Prick the skin of one medium-sized eggplant in several places, then roast at 400 F for about an hour (directly on the oven rack so it doesn’t get soggy).

    Remove from the oven, and let the eggplant cool for about 15 minutes. Remove the peel.

    Mash up the peeled eggplant in a medium-sized bowl with about 1-2 tbsp of lemon juice, two minced cloves of garlic, and a bit of salt. If you want the babaganoush to be creamier, puree in a blender (but I found mashing it up with a fork worked just fine).

    Enjoy with pita or any other bread!

    • Oops, I forgot one ingredient… when you add the lemon, garlic and salt, also add about 1/2 cup of tahini.


    Just picked up my share today and threw this together for dinner, so delicious I had to share!

    -1 tablespoon Olive Oil
    -2 tablespoons Balsamic Vinegar
    -Salt (optional)

    Cube the watermelon and tomato, chop the basil. Add to a bowl. Drizzle with oil and vinegar. Toss. Salt to taste. ENJOY!


    Just picked up my share today and threw this together for dinner, so delicious I had to share!

    -1 tablespoon Olive Oil
    -2 tablespoons Balsamic Vinegar
    -Salt (optional)

    Cube the watermelon and tomato, chop the basil. Ass to a bowl. Drizzle with oil and vinegar. Toss. Salt to taste. ENJOY!

  10. This week, I have a wonderful recipe to share that came from the newsletter of my Alma Mater, IIN. This is also an easy dish to make for those Home Dinner Parties that you will be having with your friends and family to show them how tasty the Crown Heights CSA produce are. We got green onions and cucumbers this week, so show them off with this wonderful recipe. And remember, our purpose for having dinner parties is to raise more funds so that more low-income families will be able to enjoy fresh farm produce! If you have not signed up to host a dinner party, I encourage you to do so. If you need help with planing one or you’d like to get together with me and host one together, that would be fun too! Just give me a call at 347-240-1859. I am great a planning dinner parties. Enjoy!

    Cool Cucumber and Avocado Soup

    Prep Time: 10 minutes
    Cooking Time: None
    Yields: 4 servings

    1 cucumber, peeled and chopped
    1 avocado
    2 green onions
    Juice of 1 lime
    1 cup plain or soy yogurt
    1 cup water
    Salt and pepper to taste


    1. Roughly chop the cucumber, avocado and green onions and toss in the blender.
    2. Add other ingredients and process until smooth.
    3. If soup is to thick add water as needed.

    Notes: * Garnish with chopped fresh cilantro and a dash of cayenne pepper.

  11. Last night, we sauteed our potatoes in butter with the summer garlic and some dill, plus salt and pepper. Then we did green beans, cut small, with shanghai choy cut into strips and tofu, and sauteed all of that with some of the basil as well as a little parsley, and salt and pepper again. Delicious.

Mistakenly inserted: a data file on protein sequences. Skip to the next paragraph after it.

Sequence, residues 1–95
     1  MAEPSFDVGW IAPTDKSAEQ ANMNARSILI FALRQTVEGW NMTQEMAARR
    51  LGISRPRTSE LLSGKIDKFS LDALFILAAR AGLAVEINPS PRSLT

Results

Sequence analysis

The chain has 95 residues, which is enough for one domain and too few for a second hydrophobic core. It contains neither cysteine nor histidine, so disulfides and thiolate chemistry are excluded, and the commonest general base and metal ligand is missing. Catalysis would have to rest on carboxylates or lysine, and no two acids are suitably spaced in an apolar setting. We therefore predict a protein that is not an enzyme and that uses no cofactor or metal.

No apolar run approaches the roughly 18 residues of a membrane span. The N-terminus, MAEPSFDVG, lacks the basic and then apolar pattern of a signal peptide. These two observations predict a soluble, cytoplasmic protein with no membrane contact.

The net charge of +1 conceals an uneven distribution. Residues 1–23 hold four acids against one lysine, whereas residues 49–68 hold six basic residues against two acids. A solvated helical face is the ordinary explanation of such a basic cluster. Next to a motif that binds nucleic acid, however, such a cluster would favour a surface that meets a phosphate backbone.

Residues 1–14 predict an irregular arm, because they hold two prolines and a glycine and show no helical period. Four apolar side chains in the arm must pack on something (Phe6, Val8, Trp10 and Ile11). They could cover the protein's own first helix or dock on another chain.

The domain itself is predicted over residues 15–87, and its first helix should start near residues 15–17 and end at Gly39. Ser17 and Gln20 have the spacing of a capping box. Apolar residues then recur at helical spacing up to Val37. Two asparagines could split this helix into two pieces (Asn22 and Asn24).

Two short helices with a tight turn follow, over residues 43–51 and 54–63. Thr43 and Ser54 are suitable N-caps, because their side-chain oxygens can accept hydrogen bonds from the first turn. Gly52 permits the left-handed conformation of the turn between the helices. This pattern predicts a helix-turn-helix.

12. I just made these for dinner tonight and they were delicious!

    Roasted Fingerling Potatoes (quick version)

    Preheat oven to 400.

    Cut your lovely little potatoes into wedges (4th’s if you can). Put them in a microwavable safe bowl and sprinkle some water on top. Microwave potatoes for 2-3 minutes. Pour cold water on the potatoes and rinse under a colander. Drain and pat with a dishtowel to dry a bit.

    Put about a tablespoon of olive oil in the bowl with the potatoes and add some salt and pepper, garlic powder and chopped fresh rosemary (if you have it). Shake the bowl in order to mix everything around.

    Place on a baking sheet lined with a nonstick silpat, parchment paper or tinfoil (grease this). Make sure the potatoes don’t touch each other.

    Put in oven and flip after 10-12 minutes. Eat when golden brown on both sides.

  13. Bok Choy! Just saw this in the nytimes. Sounds promising! Chop and steam baby or grown-up bok choy until crisp-tender, then shock it in ice water. Drain, then toss with halved cherry tomatoes, capers, olive oil and lemon juice.

  14. Reply about extra Baby Bok Choy:

    Well, when we realize it’s Sunday or Monday and we still have some left, we chop it up really small, boil some pasta, and mix it together with rosemary, olive oil, and whatever the other veggies we have left are (baby squash, radishes, chives, etc) and then refrigerate it for an hour. It makes a great pasta salad with some crushed black pepper on top.

  15. One of the items we have planned for you tomorrow is a bunch of Chinese Flowering Cabbage, U-Choy. While not completely new to your CSA boxes, I thought I’d give you a heads up on the preparation of it. Everything from the base of the stem, to the tip of the leaves including the flower blossom is eaten. It is a sweeter version of Baby Bok Choy and can be prepared numerous ways from steaming and Stir-Frying to having it raw in Salads. The most important point is it’s washing. Since we have had plenty of rainfall, there is a tendency for grit to be trapped in the base of the leaves along the stem. Simply soak it well and slosh it in a tub of water opening the leaves away from the stem to wash it properly. It is well worth the extra effort in preparation.